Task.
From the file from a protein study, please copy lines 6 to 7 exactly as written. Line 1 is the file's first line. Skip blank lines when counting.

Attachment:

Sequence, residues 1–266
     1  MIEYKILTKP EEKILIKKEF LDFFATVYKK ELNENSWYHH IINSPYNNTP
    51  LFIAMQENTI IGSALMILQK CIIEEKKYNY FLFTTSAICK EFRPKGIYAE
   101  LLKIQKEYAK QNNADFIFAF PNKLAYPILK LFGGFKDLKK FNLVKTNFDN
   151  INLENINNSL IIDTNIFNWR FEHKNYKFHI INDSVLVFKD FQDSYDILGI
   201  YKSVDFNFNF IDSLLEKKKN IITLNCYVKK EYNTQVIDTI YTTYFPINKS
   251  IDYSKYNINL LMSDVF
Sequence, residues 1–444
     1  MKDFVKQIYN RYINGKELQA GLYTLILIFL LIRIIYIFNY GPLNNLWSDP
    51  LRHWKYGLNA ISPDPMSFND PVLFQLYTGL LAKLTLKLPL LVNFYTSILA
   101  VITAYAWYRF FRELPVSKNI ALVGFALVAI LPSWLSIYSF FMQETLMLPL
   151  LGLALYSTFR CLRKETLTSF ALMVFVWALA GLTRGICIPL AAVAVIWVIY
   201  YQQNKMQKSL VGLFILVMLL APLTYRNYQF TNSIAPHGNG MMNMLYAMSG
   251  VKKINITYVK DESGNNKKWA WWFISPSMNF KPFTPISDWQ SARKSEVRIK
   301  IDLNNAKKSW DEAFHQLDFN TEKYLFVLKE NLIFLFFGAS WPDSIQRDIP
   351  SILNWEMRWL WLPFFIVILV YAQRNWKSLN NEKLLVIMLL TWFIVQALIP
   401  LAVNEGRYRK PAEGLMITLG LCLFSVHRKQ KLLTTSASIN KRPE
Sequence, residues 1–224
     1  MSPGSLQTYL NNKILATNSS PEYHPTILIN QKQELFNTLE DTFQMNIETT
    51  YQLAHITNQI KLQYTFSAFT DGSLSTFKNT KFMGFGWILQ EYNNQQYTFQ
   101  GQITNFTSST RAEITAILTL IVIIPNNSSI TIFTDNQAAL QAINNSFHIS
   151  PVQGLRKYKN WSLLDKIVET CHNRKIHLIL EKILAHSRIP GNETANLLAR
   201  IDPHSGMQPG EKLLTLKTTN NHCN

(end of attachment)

   201  YKSVDFNFNF IDSLLEKKKN IITLNCYVKK EYNTQVIDTI YTTYFPINKS
   251  IDYSKYNINL LMSDVF